Not long ago Saab, the Swedish automobile firm (not to be confused with Saab, the aircraft manufacturer, though they once were one and the same) expired. I suppose there might still be a movement afoot to resurrect the corpse, but that would be a triumph of nostalgia over business reality.
I never seriously considered buying a Saab, though I never disliked the brand. The problem was that whenever I was in car-buying mode, whatever Saab was offering at the time was out of synch with my needs or financial resources. In recent decades, the problem was price. Thirty or 40 years ago, I didn't like the styling (take that!, model 99). In the late 1960s it was my concerns about the reliability of front-wheel-drive. Before that, it had to do with the fact that Saabs were powered by a two-stroke motor that required adding oil with every gasoline full-up.
Wikipedia has comprehensive coverage of Saab. Here is their introductory entry which devotes considerable space to the company's final crises. Below are links to entries about the Saab models in the photos.
The present post deals with the first generation of Saabs that were small and featured perhaps the most aerodynamic styling of their day. The photos begin with the final version of that series and work back to what some observers call the "Ur-Saab" -- the prototype Saab automobile. (The term Ur-this or Ur-that is a Germanic locution linking the name of Ur, supposedly the earliest city in the world, to class of something with a history. The Ur-whatever would be the very first known example.)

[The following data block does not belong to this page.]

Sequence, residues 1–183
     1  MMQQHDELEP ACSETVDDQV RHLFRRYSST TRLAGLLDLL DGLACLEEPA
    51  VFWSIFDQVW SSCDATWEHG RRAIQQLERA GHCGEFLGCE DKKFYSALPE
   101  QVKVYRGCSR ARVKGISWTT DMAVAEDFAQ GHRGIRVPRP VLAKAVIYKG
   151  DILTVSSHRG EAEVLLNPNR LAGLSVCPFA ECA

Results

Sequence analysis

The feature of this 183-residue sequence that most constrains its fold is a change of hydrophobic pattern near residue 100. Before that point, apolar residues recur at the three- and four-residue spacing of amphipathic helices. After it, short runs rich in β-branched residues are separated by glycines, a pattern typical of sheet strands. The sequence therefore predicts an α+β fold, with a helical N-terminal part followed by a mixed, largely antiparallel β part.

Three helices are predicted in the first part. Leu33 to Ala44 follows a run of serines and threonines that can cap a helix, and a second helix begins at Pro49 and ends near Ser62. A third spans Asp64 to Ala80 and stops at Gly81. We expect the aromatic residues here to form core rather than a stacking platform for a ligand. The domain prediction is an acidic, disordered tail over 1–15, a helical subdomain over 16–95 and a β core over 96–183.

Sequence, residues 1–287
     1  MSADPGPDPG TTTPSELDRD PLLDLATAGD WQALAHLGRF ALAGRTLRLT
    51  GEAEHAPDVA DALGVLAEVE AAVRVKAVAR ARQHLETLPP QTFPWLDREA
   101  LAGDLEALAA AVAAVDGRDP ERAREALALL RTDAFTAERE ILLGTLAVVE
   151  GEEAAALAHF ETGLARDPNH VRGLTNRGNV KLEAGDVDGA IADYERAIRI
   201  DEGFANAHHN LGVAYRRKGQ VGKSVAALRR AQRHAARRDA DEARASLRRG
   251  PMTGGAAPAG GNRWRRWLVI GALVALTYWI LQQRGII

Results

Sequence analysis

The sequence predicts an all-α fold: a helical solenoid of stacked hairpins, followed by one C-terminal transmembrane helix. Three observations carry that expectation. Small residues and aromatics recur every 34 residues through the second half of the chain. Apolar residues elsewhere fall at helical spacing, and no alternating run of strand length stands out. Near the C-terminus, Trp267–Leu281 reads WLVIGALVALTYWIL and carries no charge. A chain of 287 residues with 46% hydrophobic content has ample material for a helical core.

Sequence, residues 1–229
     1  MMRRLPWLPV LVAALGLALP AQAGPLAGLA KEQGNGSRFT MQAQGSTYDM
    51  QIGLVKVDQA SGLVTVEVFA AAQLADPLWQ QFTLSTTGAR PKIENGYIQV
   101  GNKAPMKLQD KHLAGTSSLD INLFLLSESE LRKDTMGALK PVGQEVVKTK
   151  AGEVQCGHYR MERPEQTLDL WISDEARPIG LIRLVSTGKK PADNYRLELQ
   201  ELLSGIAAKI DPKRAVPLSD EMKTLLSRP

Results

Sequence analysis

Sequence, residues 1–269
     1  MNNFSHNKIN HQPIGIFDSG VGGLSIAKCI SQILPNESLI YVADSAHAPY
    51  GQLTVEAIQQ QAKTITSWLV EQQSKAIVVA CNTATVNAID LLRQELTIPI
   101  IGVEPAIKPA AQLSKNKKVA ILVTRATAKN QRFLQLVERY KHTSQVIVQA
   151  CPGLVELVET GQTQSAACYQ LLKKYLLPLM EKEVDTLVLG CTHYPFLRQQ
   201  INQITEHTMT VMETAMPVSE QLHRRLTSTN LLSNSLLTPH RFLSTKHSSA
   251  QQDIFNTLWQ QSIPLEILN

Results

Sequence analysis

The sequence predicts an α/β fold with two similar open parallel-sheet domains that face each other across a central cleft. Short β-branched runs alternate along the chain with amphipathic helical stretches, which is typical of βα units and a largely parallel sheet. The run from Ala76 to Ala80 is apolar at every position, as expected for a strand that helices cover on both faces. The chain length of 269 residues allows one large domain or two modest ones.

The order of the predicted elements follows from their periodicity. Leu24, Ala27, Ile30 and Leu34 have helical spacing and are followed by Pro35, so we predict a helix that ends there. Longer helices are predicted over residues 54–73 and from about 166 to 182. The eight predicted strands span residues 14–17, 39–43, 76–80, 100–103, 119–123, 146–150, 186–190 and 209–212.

The Saab 96 was the last of the early Saabs that featured teardrop streamlining. A useful improvement over previous 9x Saabs is the wraparound rear window. The final 96s got a four-stroke motor, eliminating the need for continually adding oil.
The first Saab that came to the serious attention of American buyers was the Saab 93, shown here. When Saab began exporting cars to the USA, they were only marketed in the northeastern states where severe winters and hilly roads in northern New England and Upstate New York made front-wheel-drive a desirable feature.
The Saab 92 was the initial production model. Front end styling is a little different from the prototype. The production motor generated 25 horsepower, but the streamlined body allowed model 92s to reach 65 miles per hour (around 100 km/h) -- or so it is said. Note the size of the rear window in the 92 and and compare it to that of the prototype below.
The Wikipedia entry on the prototype Saab is here.
The Phantom Corsair (Wikipedia entry here) was a prototype ultra-streamlined luxury car by millionaire Rust Heinz of the 57 Varieties Heinz clan. Sadly, Heinz died in a car accident in 1939, so any prospect of a production Phantom Corsair vanished with him.
I include this photo so that you can compare its styling (on a long Cord platform) with the Ur-Saab's rear styling on a much shorter platform. The little Saab's styling was extremely elegant in an era when streamlining created an awkward appearance. (See this recent post for examples.)